Bulimia Nervosa Treatment
Bulimia nervosa (BN) is a disorder in which individuals eat excessive amounts of food in a short period of time and afterwards eliminate this food from their body through some type of purging behavior. It is estimated that 1.1 to 4.2% of the female population suffers from BN and over 10,000 cases of bulimia nervosa are estimated for Long Island. Some studies have shown that up to 15% of female college students meet some criteria for bulimia nervosa.
Criteria for diagnosis of bulimia nervosa include:
- Recurring episodes of binge eating, characterized as the consumption of food in a short period of time (under 2 hours), eating substantially more than most people would eat under similar circumstances. During these episodes a sense of a lack of control over the behaviors is experienced.
- Recurrent episodes of compensatory behaviors following binging episode in which the individual tries to prevent weight gain through self-induced vomiting, laxatives, diuretics, enemas, fasting, or excessive exercise.
- Self-evaluation is significantly influenced by weight and body shape.
- The binge eating and compensatory behaviors occur, on average, at least once a week for a period of at least 3 months.
The new DSM-V eliminated the subtypes of bulimia which previously included purging type and non-purging type described as when one will compensate for binge episodes by not eating (restricting/fasting) and/or excessive exercising for a period of time after binging. While these distinctions have been eliminated in the new DSM-V, it can be useful to note that one does not need to use vomiting, laxatives, pills, or enemas to meet criteria for bulimia nervosa.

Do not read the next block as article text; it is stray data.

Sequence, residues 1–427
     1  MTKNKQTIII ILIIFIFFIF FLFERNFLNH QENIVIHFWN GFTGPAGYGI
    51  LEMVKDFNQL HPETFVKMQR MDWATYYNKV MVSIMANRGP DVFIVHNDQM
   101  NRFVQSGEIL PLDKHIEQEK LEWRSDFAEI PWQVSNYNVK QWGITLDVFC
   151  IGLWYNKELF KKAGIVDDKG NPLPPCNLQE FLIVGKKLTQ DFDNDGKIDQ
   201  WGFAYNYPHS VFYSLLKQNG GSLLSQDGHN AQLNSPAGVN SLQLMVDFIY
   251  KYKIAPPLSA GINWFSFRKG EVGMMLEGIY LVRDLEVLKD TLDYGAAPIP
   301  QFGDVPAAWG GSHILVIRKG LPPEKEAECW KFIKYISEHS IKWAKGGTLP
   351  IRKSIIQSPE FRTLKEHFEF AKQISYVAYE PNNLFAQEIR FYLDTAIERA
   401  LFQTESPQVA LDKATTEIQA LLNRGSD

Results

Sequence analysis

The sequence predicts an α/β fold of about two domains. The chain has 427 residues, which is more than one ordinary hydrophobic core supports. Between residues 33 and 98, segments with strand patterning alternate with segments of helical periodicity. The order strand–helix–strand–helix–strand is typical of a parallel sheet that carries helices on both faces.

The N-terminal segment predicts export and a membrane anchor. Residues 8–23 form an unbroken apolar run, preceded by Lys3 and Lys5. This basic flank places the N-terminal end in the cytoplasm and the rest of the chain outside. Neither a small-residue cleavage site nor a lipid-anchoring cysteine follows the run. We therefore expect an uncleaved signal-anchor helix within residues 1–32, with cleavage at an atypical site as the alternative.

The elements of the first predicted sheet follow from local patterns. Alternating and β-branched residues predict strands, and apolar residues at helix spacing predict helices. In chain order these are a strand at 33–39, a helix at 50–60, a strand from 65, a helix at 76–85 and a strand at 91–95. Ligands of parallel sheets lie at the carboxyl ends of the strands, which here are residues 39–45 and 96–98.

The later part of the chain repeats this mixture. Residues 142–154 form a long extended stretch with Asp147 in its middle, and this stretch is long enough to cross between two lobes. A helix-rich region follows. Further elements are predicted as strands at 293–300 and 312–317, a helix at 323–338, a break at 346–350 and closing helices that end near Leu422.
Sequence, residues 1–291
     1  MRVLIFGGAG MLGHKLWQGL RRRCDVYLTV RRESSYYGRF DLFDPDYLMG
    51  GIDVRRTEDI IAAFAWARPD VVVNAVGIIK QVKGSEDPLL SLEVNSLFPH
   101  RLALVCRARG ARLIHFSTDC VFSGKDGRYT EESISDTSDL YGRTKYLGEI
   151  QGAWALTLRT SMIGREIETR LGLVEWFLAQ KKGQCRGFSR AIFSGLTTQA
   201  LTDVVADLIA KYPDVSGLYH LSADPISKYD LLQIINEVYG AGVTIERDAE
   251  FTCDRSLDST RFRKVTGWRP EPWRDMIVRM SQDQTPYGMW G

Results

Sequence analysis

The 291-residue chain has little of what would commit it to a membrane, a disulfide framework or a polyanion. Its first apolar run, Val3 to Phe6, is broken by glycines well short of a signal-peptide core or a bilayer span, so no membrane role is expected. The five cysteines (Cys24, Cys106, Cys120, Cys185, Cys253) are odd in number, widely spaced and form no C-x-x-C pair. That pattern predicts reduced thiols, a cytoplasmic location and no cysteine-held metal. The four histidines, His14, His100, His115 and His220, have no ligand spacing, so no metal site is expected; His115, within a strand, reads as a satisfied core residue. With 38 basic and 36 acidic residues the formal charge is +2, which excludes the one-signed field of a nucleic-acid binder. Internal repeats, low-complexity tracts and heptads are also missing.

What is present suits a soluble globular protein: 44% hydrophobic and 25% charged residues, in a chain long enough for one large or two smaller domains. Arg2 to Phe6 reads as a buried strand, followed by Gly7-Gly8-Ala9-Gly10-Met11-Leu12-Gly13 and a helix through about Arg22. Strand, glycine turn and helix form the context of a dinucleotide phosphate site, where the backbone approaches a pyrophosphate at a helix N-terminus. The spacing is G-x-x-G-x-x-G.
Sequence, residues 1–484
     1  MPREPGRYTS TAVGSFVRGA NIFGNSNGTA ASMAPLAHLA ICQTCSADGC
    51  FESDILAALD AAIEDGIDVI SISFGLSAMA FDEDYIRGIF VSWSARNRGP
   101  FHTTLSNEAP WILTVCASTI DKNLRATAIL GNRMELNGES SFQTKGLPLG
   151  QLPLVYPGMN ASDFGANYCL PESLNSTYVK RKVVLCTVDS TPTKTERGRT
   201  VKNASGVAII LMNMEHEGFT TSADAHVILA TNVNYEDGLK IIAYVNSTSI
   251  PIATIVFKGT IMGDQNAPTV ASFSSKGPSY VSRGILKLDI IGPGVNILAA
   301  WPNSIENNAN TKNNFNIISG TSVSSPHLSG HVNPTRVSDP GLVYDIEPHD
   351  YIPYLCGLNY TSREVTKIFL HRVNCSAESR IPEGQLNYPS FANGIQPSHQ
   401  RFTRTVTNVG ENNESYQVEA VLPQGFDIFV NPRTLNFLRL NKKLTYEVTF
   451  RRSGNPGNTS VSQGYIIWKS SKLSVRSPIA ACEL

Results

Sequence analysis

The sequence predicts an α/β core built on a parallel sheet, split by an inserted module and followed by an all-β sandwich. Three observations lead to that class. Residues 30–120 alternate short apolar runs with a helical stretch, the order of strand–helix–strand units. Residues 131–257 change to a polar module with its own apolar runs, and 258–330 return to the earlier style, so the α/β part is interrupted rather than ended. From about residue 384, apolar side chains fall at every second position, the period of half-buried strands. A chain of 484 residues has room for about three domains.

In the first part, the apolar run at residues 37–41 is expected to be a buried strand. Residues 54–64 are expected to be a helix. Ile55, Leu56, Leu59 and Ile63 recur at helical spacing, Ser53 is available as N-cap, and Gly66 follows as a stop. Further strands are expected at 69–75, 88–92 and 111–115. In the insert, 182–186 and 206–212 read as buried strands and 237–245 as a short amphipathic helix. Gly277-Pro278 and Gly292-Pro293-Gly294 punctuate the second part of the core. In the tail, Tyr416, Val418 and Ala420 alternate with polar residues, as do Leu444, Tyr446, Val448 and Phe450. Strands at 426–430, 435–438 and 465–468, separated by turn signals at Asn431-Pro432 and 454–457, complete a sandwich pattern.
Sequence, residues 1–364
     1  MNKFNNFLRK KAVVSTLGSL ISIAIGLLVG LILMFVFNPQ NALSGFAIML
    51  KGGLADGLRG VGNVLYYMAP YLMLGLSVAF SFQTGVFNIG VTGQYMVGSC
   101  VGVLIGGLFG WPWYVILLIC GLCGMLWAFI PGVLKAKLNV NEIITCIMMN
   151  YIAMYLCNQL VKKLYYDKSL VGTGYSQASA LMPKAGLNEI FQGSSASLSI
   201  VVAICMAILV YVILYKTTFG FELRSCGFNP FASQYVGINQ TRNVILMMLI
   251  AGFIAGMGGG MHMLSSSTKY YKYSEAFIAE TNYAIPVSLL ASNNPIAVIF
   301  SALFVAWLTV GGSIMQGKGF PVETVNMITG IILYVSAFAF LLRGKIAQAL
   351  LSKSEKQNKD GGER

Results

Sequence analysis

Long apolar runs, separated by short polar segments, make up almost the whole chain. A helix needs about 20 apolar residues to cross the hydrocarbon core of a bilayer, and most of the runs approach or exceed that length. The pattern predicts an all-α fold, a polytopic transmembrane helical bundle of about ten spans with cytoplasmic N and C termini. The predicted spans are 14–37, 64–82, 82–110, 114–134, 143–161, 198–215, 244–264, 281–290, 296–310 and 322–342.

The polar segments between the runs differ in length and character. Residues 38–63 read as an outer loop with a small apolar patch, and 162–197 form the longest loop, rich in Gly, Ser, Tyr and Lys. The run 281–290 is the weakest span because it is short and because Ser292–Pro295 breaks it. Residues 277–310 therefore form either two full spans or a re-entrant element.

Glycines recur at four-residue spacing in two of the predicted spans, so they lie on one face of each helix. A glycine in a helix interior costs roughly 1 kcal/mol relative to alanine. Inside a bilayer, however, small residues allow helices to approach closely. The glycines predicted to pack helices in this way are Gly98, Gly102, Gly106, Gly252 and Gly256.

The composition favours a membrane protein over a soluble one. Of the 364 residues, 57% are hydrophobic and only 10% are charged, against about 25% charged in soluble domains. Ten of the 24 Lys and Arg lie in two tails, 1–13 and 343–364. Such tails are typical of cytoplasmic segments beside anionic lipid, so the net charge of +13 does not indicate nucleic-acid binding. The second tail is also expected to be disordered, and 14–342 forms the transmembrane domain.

What is important to note with bulimia nervosa is that it can be one of the hardest conditions for others (parents, friends, spouses) to recognize in another. There are rarely any distinguishing features that identifies one who has bulimia nervosa. Patients can be underweight, ‘normal’ weight, overweight or obese, male or female, any age, any race or culture. Bulimia nervosa is usually kept private with secret eating/binging, secret purging, and excessive exercise in some that goes unnoticed or is even admired and supported. Even some patients and families minimize the condition if one is not significantly underweight. Yet, bulimia nervosa places great stress both physically and mentally on the brain and body. Patient’s usually have a significant mood disorder related to their condition, are easily agitated and often have poor sleep and energy expenditure.
Treatment should be with an experienced team of eating disorder professionals including a medical doctor, a therapist, a nutritionist and often a psychiatrist. Bulimia nervosa is a serious condition that can destabilize a patient at any given moment.